A psalm of David, written when he fled from his son Absalom.[b]
3 Lord, how[c] numerous are my enemies! Many attack me.[d] 2 Many say about me, “God will not deliver him.”[e] (Selah)[f] 3 But you, Lord, are a shield that protects me;[g] you are my glory[h] and the one who restores me.[i]
Psalm 3:1snPsalm 3. The psalmist acknowledges that he is confronted by many enemies (vv. 1-2). But, alluding to a divine oracle he has received (vv. 4-5), he affirms his confidence in God’s ability to protect him (vv. 3, 6) and requests that God make his promise a reality (vv. 7-8).
Psalm 3:1sn According to Jewish tradition, David offered this prayer when he was forced to flee from Jerusalem during his son Absalom’s attempted coup (see 2 Sam 15:13-17).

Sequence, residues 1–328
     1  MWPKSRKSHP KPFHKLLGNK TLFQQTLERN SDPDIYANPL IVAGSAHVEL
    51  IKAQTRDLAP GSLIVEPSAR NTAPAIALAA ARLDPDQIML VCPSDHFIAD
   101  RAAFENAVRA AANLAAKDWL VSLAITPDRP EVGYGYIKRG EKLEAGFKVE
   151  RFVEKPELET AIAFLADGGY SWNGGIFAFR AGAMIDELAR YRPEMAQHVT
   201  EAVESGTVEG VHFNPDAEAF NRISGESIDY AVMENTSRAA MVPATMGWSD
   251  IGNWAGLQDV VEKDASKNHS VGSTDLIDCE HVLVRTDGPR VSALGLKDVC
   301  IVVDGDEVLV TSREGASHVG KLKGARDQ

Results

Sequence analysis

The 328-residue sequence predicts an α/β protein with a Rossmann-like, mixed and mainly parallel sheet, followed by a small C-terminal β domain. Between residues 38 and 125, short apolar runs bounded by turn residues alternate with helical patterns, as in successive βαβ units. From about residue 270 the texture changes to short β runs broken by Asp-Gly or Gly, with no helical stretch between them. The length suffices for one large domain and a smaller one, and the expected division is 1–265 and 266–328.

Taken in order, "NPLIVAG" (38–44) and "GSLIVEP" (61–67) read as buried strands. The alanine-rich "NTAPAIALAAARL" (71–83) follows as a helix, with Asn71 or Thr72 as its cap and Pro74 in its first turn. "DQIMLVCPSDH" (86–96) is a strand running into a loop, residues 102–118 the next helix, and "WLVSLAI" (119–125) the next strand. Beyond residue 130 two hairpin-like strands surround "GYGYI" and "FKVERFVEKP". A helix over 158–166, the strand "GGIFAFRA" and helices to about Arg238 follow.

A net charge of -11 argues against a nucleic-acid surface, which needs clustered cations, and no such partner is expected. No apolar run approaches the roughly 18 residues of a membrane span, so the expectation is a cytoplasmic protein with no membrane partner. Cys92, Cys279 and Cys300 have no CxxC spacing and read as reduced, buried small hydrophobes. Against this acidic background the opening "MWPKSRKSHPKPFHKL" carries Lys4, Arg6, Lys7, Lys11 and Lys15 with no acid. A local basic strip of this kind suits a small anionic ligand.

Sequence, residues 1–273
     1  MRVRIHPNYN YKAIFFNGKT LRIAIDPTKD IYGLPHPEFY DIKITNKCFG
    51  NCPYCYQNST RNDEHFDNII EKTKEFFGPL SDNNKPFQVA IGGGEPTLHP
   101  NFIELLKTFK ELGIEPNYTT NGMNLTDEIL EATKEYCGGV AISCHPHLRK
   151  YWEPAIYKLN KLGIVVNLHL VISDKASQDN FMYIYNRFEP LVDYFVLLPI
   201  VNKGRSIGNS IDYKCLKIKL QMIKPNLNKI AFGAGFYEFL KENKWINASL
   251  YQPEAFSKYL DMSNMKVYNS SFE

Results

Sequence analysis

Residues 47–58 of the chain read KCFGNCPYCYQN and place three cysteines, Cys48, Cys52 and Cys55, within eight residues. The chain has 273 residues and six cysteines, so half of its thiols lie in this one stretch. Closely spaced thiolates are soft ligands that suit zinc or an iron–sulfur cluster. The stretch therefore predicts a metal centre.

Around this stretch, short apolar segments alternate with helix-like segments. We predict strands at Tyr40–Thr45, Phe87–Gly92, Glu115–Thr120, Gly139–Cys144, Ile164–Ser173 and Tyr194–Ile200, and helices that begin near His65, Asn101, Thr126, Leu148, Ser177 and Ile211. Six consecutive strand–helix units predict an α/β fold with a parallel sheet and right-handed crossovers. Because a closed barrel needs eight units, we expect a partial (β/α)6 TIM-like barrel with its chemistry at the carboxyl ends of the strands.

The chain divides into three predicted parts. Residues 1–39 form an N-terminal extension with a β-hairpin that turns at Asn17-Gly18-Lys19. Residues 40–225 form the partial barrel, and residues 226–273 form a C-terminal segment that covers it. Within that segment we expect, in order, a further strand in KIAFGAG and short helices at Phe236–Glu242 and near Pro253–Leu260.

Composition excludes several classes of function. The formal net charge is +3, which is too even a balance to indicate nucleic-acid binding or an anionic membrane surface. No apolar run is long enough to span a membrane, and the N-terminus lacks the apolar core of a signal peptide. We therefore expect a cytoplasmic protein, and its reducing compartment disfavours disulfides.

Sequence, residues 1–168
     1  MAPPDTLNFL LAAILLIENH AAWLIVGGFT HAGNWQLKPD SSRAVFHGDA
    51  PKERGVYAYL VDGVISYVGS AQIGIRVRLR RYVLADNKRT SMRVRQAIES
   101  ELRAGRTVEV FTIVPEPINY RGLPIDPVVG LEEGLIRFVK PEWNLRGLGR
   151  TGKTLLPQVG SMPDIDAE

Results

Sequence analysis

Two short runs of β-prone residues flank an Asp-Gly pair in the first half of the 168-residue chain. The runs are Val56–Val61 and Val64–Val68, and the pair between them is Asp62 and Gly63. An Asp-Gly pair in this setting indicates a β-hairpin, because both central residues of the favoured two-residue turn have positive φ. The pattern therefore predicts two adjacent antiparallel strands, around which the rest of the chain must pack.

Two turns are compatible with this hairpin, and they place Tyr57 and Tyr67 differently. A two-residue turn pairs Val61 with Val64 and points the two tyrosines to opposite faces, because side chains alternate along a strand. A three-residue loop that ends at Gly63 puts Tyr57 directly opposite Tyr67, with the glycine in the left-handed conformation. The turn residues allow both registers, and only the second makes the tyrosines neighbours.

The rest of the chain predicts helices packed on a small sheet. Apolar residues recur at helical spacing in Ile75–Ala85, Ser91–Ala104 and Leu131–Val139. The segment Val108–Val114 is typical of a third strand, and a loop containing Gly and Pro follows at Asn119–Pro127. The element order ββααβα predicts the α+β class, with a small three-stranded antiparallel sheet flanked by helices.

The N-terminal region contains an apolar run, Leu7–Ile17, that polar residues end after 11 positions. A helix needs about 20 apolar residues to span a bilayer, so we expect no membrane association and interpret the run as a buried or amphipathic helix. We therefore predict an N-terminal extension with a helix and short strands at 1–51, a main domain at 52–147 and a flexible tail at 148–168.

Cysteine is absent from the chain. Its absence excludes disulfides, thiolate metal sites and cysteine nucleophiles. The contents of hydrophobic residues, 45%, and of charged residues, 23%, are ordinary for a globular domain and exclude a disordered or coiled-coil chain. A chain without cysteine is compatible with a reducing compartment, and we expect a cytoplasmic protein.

Psalm 3:1tn The Hebrew term מָה (mah, “how”) is used here as an adverbial exclamation (see BDB 553 s.v.).
Psalm 3:3tnHeb “my glory,” or “my honor.” The psalmist affirms that the Lord is his source of honor, i.e., the one who gives him honor in the sight of others. According to BDB 459 s.v. II כָּבוֹד 7, the phrase refers to God as the one to whom the psalmist gives honor. But the immediate context focuses on what God does for the psalmist, not vice-versa.
Psalm 3:3tnHeb “[the one who] lifts my head.” This phrase could be understood to refer to a general strengthening of the psalmist by God during difficult circumstances. However, if one takes the suggestion of the superscription that this is a Davidic psalm written during the revolt of Absalom, the phrase “lift the head” could refer to the psalmist’s desire for restoration to his former position (cf. Gen 40:13 where the same phrase is used). Like the Hebrew text, the present translation (“who restores me”) can be understood in either sense.
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